Quantum-ready infrastructure, powered by Orquestra®
Andretti Autosport is upgrading their analytics infrastructure and building ML and quantum-inspired solutions to enhance decision making—and win more races.
Quantum-Ready Today, Quantum Tomorrow
The use cases we’re testing and piloting are classical machine learning solutions, using today’s data, compute, and architecture. The team is also testing quantum-inspired methods running on classical compute. But by running on Orquestra, these applications are forward-compatible with quatum and other exotic hardware — so that when it is ready, Andretti will be in pole position to capture a competitive advantage.
In early 2022, we deployed the Orquestra® platform within the Andretti Autosport | Zapata Computing Race Analytics Command Center (RACC). The RACC is a mobile engineering environment where engineers from Zapata and Andretti work side-by-side in pursuit of a real-time advantage on race day. The hybrid infrastructure combines data lake integration, cloud and dashboards to drive decision-making — all managed with Orquestra. Engineers working from the RACC are testing various use cases in machine learning and optimization.
Tires wear out quickly going over 200MPH, requiring time-consuming pit stops to change tires. Zapata is working with Andretti to create a machine learning model that can guide strategic decisions around tire changes, such as when a car should swap out tires, which tires should be used, and how often they should change tires based on current conditions. This use case translates to predictive maintenance problems across industries.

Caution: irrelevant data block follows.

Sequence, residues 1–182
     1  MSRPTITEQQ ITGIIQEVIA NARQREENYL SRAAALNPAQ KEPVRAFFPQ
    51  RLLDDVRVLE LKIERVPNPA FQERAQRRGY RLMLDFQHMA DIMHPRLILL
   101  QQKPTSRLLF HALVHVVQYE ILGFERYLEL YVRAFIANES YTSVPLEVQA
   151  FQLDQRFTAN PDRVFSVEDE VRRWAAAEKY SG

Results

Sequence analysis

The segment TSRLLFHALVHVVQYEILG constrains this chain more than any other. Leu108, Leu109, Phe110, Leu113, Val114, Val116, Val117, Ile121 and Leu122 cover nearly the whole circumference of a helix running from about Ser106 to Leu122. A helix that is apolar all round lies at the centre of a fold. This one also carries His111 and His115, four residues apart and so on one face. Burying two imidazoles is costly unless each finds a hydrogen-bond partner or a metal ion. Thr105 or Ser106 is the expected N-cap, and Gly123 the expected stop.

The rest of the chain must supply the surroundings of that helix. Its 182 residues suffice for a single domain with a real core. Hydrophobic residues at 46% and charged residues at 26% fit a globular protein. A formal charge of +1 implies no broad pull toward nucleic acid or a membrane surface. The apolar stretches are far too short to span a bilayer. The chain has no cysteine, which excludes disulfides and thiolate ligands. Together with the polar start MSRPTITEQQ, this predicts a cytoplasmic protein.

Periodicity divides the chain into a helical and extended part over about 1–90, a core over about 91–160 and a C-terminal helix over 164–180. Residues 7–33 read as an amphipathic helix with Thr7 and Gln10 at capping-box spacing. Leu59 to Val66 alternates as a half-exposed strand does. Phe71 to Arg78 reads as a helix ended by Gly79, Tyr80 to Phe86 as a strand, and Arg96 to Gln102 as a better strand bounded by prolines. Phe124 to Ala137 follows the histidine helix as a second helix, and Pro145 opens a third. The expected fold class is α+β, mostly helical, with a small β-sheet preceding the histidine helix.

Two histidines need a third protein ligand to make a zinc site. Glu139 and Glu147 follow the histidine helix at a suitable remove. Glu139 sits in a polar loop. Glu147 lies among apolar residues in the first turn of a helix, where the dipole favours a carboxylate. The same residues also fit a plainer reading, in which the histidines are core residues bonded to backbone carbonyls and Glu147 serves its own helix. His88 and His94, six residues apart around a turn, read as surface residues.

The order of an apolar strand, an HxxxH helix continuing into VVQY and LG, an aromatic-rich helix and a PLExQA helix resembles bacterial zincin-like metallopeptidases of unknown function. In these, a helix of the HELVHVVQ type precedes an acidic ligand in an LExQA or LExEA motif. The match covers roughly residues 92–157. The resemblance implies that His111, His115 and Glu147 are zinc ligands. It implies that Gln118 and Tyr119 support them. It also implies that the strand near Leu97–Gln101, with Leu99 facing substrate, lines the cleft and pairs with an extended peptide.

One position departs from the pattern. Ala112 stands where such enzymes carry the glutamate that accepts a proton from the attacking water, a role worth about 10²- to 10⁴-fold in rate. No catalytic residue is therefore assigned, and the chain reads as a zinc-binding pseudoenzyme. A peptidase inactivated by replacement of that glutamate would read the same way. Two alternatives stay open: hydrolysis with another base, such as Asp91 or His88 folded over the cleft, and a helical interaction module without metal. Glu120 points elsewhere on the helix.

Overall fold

The fewer times a car has to refuel, the more time it can save in the race. Zapata and Andretti are applying machine learning and advanced analytics to help drivers optimize their fuel consumption and determine the best timing for refueling. Similar fuel savings solutions have wide applicability in any industry looking to shrink its carbon footprint or time to delivery.
When there’s an accident or debris on the track, drivers are required to reduce their speed and are prohibited from passing other cars. This is a yellow flag, and since cars aren’t going full speed, it’s often a good time for a pit stop. Zapata and Andretti are creating a model to predict when a yellow flag is likely based on track conditions, the status of various cars, the drivers in those cars, and other factors. This ability to predict and preemptively respond to disruptive events has wide applicability beyond racing.
CEO and Chairman, Andretti Autosport